Mister T(iote) had Arsenal captain Fabregas in his metaphorical pocket

The Ivorian yet again nullified the attacking threat of his opposing midfield counterparts – adding Fabregas to his long list that already includes the likes of Cattermole, Parker and Arteta – before commencing Newcastle counter-attacks with his wide range of precise passing. Perhaps the biggest surprise of the afternoon was that Tiote wasn’t playing for the home side, such is the success of Arsene Wenger’s scouting network, particularly on the African continent.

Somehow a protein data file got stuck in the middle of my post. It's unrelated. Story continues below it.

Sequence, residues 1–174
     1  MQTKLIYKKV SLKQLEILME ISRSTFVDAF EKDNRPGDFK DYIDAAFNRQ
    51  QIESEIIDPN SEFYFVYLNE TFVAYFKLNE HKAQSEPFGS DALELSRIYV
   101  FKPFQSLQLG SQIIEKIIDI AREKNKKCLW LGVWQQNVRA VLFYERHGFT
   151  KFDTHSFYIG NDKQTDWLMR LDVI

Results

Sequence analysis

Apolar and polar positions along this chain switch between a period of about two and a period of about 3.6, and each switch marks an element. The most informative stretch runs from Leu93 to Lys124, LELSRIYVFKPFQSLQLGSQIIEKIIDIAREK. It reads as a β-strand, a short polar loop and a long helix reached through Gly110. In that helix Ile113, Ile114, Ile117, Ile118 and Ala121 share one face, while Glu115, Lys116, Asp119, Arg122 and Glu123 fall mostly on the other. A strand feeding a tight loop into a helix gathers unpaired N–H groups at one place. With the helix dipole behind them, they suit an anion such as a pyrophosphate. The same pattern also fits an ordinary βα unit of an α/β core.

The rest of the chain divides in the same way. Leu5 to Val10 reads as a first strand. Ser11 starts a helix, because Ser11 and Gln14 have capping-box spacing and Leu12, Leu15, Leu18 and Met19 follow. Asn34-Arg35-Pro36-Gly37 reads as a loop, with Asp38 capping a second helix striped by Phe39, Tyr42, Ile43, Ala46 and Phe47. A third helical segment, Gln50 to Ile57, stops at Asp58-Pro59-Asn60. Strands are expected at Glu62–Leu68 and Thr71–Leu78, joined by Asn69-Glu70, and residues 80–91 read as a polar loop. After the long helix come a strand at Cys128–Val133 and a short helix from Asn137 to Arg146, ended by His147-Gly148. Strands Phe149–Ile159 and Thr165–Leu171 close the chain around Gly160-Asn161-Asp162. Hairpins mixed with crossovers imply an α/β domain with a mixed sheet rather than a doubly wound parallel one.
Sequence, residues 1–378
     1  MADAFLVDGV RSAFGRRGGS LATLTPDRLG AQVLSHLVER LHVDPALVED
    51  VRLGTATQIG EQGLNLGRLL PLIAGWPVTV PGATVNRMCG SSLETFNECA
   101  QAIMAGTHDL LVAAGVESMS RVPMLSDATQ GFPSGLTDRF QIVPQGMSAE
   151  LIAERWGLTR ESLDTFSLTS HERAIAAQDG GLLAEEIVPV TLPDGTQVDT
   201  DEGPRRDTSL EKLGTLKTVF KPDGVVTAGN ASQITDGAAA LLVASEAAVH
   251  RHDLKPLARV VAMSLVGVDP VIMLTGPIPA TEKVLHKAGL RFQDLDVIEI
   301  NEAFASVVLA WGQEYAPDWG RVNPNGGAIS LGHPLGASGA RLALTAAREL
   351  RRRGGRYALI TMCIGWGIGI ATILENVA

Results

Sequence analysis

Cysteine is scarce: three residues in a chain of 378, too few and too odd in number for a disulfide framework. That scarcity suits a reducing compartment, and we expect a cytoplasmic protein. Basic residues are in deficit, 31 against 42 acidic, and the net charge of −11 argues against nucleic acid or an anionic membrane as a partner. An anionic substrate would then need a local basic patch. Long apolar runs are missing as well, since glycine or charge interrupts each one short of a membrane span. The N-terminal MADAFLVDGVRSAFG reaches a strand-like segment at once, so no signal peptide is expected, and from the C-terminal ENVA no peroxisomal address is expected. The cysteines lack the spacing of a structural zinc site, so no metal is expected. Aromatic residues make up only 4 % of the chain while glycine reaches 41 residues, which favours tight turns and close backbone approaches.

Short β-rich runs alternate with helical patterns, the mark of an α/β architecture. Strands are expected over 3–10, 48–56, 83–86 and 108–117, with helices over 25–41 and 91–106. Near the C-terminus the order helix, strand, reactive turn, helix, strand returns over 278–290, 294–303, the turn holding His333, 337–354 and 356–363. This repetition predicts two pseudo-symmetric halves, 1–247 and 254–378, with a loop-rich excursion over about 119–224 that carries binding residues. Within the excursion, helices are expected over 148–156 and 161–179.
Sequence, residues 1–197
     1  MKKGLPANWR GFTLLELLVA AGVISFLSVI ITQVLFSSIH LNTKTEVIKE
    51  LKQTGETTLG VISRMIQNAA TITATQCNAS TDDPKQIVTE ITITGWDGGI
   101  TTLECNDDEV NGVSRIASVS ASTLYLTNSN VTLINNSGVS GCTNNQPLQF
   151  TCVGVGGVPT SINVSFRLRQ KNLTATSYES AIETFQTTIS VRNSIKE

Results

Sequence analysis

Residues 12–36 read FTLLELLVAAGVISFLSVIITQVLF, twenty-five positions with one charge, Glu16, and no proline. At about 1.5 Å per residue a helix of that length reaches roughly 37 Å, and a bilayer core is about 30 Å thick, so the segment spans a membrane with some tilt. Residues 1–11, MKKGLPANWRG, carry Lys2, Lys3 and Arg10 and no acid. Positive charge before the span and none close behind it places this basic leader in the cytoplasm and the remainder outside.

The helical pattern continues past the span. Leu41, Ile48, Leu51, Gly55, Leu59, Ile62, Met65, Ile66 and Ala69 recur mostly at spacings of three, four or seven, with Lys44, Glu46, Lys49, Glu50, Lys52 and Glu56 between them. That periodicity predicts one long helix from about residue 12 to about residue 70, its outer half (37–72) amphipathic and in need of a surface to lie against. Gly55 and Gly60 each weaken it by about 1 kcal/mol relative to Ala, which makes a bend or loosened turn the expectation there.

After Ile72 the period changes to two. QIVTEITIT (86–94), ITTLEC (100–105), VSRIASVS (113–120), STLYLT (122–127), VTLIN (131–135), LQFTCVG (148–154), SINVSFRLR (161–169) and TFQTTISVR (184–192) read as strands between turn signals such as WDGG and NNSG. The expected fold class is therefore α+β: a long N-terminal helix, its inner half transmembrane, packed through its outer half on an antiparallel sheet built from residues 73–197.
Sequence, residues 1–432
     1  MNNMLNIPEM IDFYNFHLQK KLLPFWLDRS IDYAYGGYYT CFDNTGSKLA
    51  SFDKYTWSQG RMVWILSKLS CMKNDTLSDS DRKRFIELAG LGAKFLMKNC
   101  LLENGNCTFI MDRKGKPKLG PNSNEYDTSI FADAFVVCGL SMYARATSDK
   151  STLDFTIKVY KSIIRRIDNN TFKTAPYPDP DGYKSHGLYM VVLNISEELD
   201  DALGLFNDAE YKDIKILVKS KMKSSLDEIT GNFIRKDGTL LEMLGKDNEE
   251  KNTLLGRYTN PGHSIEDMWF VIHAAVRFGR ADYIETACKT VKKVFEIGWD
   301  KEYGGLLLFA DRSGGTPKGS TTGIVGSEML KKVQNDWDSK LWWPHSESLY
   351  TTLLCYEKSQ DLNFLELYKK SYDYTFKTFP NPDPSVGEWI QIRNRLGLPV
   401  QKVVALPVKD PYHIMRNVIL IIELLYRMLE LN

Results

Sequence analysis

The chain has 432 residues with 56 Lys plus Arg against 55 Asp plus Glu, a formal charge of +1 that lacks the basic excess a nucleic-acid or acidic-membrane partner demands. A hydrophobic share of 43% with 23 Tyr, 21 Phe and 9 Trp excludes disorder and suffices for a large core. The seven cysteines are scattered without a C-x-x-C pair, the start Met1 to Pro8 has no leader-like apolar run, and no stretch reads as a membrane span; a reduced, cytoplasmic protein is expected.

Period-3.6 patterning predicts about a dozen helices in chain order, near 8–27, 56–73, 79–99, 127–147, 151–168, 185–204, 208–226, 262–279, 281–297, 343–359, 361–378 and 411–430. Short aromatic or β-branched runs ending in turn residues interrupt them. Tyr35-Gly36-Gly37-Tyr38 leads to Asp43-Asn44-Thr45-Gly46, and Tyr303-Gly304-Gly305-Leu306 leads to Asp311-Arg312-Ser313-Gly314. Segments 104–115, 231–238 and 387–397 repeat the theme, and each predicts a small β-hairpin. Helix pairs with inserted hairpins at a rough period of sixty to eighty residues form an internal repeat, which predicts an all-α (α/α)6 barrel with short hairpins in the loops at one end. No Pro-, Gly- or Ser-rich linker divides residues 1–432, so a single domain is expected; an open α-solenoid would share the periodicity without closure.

After the opening ten minutes, in which Newcastle looked more like the home side, with lengthy spells of possession, Arsenal came back into the game, carving out some half-chances through Marouane Chamakh and a deflected Fabregas free kick that struck the crossbar from 25 yards, with Tim Krul beaten. Yet for Arsenal’s domination, the Gunners could not create any meaningful chances, often being guilty of overplaying when trying to pick the perfect pass around the edge of Newcastle’s box. Newcastle too, offered little on their sporadic counter-attacks, with Gutierrez going down rather easily under a Bacary Sagna challenge in the Arsenal area the only real threat to Arsenal’s goal in the opening half hour. Ten minutes before the interval however, and the first real chance of the match arrived. A Fabregas cutback found Samir Nasri on the edge of Newcastle’s 18-yard box. His venomous first time shot curled round two players before heading toward the top corner to apparently break the deadlock only for Flying Dutchman Tim Krul to leap through the air and divert the ball safely over his crossbar with a fantastic right-handed save. Arsenal’s resulting corner was one of several flagkicks for the Gunners in either half, yet they all came to nothing, with the added height of Newcastle’s two strikers consistently heading the ball away from danger alongside the formidable centre-back partnership of Williamson and Coloccini – both have started all 11 league games for the Magpies.